When the world gets closer.

We help you see farther.

Sign up to our expressly international daily newsletter.

Germany

When Potential Pedophiles 'Turn Themselves In' To Tame Their Criminal Impulses

Over the past six years, Germany has opened three treatment centers for men with pedophilic tendencies. Patients enter the therapy-based program voluntarily, as a way to explore their impulses and control their behavior – before it’s too late.

A bulletin board with sexual predator notifications in Florida.
A bulletin board with sexual predator notifications in Florida.
Anja Perkuhn

REGENSBURG - The house is white. On the grounds of the BKR, a district clinic in the Bavarian city of Regensburg, there are many of these small, mostly white, nondescript buildings. Nothing points to the fact that this particular house is where, once a week, men with pedophilic tendencies meet for therapy sessions. And it's meant to be that way – one of the ground rules of the first and so far only out-patient center in Bavaria is absolute anonymity.

The Regensburg center opened in September 2010; it is the third facility of its type to open in Germany, after the day centers in Berlin (2005) and Kiel (2009). It serves southern Germany and, says Michael Osterheider, head of the project and of forensic psychiatry at Regensburg University, the positive reaction it has attracted so far also points to the fact that there was a need for such a facility.

Keep reading... Show less
You've reached your monthly limit of free articles.
To read the full article, please subscribe.
Get unlimited access. Support Worldcrunch's unique mission:
  • Exclusive coverage from the world's top sources, in English for the first time.
  • Stories from the best international journalists.
  • Insights from the widest range of perspectives, languages and countries
Already a subscriber? Log in

When the world gets closer, we help you see farther

Sign up to our expressly international daily newsletter!
Geopolitics

Our 'Emotional' Divide: How The Ukraine War Reveals A World Broken In Two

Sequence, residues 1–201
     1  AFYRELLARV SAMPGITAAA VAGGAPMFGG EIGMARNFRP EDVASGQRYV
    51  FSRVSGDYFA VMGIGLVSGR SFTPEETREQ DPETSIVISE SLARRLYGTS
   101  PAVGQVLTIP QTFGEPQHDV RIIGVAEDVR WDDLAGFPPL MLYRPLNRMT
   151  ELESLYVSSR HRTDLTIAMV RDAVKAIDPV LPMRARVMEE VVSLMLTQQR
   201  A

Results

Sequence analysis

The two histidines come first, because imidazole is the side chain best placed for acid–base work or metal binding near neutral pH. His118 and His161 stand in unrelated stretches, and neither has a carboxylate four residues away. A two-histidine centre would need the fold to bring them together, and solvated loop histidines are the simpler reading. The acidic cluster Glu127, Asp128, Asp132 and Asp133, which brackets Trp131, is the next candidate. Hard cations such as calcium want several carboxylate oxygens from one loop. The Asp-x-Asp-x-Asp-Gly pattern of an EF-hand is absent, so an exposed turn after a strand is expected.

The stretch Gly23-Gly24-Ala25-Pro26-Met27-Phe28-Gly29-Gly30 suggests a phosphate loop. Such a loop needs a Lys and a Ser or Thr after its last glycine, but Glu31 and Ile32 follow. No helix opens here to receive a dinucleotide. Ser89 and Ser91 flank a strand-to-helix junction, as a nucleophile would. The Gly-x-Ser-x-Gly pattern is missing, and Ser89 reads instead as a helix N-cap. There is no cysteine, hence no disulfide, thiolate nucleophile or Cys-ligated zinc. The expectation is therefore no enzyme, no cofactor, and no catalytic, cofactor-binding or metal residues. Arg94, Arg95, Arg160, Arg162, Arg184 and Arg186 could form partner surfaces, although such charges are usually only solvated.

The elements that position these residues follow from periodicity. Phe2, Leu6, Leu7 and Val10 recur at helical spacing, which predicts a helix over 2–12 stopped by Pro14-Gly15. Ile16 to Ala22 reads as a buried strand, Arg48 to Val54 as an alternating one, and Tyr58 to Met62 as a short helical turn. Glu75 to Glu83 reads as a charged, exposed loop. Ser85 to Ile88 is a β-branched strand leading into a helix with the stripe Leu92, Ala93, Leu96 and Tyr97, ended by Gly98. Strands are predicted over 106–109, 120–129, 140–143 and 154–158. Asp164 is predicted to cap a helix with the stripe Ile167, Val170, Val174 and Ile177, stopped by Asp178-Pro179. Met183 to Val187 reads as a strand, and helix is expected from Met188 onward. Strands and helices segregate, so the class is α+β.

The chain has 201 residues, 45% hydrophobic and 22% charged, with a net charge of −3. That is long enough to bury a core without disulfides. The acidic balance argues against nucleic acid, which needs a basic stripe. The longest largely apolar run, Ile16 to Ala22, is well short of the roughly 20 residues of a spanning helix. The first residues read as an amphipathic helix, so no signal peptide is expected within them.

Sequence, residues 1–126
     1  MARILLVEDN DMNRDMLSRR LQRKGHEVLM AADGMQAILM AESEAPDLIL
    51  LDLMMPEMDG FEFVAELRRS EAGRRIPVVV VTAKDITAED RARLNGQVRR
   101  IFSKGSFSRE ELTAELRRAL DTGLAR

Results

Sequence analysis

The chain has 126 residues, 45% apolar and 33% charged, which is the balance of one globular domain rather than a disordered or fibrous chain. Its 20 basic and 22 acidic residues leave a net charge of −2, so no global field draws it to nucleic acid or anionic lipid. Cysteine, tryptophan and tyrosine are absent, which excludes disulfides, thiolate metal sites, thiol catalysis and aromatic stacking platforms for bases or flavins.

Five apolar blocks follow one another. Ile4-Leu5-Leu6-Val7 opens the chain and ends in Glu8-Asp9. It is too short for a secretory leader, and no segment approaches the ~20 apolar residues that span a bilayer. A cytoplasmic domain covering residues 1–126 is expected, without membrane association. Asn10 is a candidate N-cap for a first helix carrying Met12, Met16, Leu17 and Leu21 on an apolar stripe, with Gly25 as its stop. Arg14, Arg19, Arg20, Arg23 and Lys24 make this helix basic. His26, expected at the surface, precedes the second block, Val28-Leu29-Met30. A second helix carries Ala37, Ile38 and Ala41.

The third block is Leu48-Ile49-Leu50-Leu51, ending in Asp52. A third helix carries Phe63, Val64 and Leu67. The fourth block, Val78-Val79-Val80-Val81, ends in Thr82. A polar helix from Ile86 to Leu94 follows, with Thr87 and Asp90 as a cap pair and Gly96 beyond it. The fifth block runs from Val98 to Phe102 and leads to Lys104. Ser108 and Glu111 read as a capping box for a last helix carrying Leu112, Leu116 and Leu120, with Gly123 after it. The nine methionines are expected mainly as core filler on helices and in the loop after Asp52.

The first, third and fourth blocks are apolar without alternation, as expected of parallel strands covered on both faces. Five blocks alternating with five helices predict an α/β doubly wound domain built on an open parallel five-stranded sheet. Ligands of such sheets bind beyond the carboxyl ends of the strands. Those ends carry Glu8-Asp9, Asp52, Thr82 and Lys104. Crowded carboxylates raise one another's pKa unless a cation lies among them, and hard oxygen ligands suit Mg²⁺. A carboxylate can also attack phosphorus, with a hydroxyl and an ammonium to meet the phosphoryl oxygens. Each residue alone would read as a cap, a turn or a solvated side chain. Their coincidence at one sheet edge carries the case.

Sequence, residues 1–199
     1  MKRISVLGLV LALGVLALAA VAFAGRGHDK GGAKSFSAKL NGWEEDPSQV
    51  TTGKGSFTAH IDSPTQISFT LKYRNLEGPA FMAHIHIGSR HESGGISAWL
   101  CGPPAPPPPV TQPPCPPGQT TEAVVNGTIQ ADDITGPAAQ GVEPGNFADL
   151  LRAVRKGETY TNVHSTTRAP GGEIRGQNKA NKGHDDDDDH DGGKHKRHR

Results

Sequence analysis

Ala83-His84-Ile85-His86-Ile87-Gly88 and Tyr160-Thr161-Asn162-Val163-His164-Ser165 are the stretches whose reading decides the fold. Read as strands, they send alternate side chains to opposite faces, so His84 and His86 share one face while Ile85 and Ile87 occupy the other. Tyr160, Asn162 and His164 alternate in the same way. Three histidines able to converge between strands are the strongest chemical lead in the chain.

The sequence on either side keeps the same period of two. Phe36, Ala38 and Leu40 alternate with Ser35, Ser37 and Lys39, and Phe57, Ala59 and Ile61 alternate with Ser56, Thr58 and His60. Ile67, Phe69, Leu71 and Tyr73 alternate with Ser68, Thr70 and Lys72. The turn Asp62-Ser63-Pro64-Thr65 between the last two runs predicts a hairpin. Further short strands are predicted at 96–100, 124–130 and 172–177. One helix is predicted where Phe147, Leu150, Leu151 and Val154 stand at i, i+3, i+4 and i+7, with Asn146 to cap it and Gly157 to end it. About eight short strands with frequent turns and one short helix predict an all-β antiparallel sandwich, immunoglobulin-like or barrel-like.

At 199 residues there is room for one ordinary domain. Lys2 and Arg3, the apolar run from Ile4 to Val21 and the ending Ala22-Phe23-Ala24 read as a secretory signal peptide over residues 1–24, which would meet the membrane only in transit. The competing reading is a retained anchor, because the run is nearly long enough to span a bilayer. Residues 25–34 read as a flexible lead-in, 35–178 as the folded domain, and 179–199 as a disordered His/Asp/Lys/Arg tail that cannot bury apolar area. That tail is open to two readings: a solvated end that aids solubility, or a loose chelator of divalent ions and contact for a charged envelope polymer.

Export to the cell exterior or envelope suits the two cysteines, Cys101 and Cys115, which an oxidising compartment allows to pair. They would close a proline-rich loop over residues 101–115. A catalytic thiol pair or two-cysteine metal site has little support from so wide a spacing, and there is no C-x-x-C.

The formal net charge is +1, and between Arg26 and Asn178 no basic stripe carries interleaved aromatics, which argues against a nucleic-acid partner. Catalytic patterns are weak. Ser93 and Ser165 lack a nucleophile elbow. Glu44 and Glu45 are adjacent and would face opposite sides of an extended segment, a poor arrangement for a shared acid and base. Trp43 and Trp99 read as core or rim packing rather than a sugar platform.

Russia's invasion has created a stark global divide: them and us. On one side are the countries refusing to condemn Moscow, with the West on the other. It's a dangerous split that could have repercussions far into the future.

Protesters against the war in Ukraine demonstrate in front of the Russian embassy in London

Dominique Moïsi

-Analysis-

PARIS — "The West and the Rest of Us." That's the title of a 1975 essay written by Nigerian essayist and critic Chinweizu Ibekwe. I've been thinking about his words as the war in Ukraine both reveals and accelerates divisions of the world that I believe are ultimately "emotional" in nature.

Stay up-to-date with the latest on the Russia-Ukraine war, with our exclusive international coverage.

Sign up to our free daily newsletter.

With war returning to Europe and the risk of escalation, there is a gap between the Western view and that of the "others," a distinct "us and them." This gap cannot be explained in strictly geographical, political, and economic terms.

Keep reading... Show less

When the world gets closer, we help you see farther

Sign up to our expressly international daily newsletter!
You've reached your monthly limit of free articles.
To read the full article, please subscribe.
Get unlimited access. Support Worldcrunch's unique mission:
  • Exclusive coverage from the world's top sources, in English for the first time.
  • Stories from the best international journalists.
  • Insights from the widest range of perspectives, languages and countries
Already a subscriber? Log in
THE LATEST
FOCUS
TRENDING TOPICS

Central to the tragic absurdity of this war is the question of language. Vladimir Putin has repeated that protecting ethnic Russians and the Russian-speaking populations of Ukraine was a driving motivation for his invasion.

Yet one month on, a quick look at the map shows that many of the worst-hit cities are those where Russian is the predominant language: Kharkiv, Odesa, Kherson.

Watch Video Show less
MOST READ